LATEST NEWS-15 years in prison and a $1 million fine
December 17, 2003
Att'y pleads guilty to pump and dump
The Department of Justice said a Delray Beach attorney has pleaded guilty to conspiracy and securities fraud related to an anthrax-related "pump and dump" scheme.
Assistant Attorney General Christopher A. Wray of the criminal division said Lewis Van Stillman pleaded guilty to one count of conspiracy and one count of securities fraud Thursday at U.S. District Court in the District of Columbia.
A federal grand jury had indicted Stillman and several co-defendants on charges related to a securities fraud scheme involving a company called 2DoTrade (Pink Sheets: TDOT). Stillman faces a maximum penalty of 15 years in prison and a $1 million fine at sentencing, on a date to be determined later, the department said.
The indictment, unsealed Sept. 30, alleged the defendants fraudulently pumped up the price and volume of 2DoTrade stock via "aggressive and misleading promotional campaigns," including issuing several press releases and disseminating millions of unsolicited e-mails and faxes that falsely claimed the company had contracts for goods and commodities worth more than $300 million.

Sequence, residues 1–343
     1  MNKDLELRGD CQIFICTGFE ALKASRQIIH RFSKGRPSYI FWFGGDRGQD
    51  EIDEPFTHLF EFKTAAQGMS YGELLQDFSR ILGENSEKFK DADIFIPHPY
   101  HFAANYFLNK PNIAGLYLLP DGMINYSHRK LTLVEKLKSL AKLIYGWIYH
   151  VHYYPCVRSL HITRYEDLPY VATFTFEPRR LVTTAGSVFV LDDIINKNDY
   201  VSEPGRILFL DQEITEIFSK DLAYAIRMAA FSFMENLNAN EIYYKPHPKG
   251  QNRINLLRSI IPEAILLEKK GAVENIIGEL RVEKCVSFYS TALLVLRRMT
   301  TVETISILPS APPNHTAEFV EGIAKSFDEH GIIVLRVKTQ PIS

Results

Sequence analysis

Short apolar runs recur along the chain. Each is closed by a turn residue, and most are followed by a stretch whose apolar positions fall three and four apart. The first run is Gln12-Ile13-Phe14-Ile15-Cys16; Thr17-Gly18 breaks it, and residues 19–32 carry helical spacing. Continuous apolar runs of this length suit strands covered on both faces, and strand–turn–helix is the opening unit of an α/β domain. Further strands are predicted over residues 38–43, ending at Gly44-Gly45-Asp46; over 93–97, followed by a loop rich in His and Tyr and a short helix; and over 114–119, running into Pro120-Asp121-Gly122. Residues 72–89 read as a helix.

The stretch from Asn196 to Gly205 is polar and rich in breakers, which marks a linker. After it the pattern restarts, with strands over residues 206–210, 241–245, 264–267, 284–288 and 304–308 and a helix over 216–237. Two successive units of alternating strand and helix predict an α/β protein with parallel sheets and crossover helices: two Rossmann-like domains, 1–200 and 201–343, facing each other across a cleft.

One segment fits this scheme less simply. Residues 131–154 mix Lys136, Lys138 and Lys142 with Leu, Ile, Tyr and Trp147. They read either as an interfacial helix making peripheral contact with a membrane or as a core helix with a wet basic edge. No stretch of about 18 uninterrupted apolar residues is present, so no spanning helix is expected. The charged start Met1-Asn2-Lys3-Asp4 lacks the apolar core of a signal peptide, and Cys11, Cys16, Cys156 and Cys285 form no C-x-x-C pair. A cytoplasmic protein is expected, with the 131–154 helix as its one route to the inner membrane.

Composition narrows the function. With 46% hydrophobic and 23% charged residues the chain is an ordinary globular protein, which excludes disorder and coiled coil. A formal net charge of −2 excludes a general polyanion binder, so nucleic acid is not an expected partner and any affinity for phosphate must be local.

In reality, the department said, the contracts were bogus.
Later, in a renewed effort to fraudulently raise the company's flagging stock price, the department alleged, the conspirators exploited publicity generated by the October 2001 anthrax attacks by fraudulently claiming 2DoTrade had an anti-anthrax product.
A Nevada corporation, the department said 2DoTrade was purportedly headquartered in British Columbia, Canada, and London, England. The company's common stock, registered with the U.S. Securities and Exchange Commission, at the time traded on the Over the Counter Bulletin Board.
In his plea agreement, the department said Stillman admitted serving as the legal counsel who facilitated the process of taking 2DoTrade public through a reverse merger with a shell company.
Stillman also admitted to conspiring to fraudulently promote and manipulate 2DoTrade stock for personal benefit, the department said. It also said he admitted to implementing a "lock-up" agreement that fraudulently restricted the public supply of 2DoTrade stock to control and manipulate its price and volume.
The department said Stillman also admitted he made false statements and material omissions in SEC filings for 2DoTrade that furthered the purpose of the conspiracy and the scheme to defraud.
Department of Justice trial attorneys Raja Chatterjee and Dorothy McCuaig are prosecuting the case.